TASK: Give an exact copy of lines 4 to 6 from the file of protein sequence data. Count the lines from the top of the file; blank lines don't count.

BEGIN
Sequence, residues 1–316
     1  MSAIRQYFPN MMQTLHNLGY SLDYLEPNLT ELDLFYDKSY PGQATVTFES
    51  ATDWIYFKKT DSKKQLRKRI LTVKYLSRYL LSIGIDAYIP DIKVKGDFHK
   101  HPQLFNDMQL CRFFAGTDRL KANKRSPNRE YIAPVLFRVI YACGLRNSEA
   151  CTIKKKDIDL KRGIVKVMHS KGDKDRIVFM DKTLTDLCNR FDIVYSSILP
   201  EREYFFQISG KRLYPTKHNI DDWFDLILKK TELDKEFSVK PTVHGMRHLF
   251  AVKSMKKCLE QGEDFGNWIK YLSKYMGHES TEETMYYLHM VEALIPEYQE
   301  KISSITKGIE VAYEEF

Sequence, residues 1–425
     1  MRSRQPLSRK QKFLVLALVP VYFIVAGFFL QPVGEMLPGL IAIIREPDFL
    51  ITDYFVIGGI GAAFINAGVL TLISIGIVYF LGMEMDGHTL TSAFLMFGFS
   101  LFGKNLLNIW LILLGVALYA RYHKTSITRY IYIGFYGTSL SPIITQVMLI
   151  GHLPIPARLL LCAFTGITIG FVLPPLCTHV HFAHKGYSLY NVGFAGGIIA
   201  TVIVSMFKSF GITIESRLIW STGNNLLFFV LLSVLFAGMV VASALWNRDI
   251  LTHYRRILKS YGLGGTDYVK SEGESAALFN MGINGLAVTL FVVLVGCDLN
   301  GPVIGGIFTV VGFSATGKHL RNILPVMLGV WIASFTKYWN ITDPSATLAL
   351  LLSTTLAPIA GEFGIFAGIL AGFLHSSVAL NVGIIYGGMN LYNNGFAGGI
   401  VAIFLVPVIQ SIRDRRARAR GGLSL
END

   101  HPQLFNDMQL CRFFAGTDRL KANKRSPNRE YIAPVLFRVI YACGLRNSEA
   151  CTIKKKDIDL KRGIVKVMHS KGDKDRIVFM DKTLTDLCNR FDIVYSSILP
   201  EREYFFQISG KRLYPTKHNI DDWFDLILKK TELDKEFSVK PTVHGMRHLF